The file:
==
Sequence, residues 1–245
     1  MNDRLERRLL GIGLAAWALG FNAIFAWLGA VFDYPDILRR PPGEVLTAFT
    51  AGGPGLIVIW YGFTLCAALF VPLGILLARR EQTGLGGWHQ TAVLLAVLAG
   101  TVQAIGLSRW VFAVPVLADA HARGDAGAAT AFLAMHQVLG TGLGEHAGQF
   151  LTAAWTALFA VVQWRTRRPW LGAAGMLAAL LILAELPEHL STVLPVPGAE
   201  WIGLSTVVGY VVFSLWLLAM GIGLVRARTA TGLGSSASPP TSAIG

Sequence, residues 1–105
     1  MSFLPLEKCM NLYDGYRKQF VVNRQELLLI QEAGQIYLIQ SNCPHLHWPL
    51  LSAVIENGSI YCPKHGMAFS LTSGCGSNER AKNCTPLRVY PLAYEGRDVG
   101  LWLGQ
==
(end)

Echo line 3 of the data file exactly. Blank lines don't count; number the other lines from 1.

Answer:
    51  AGGPGLIVIW YGFTLCAALF VPLGILLARR EQTGLGGWHQ TAVLLAVLAG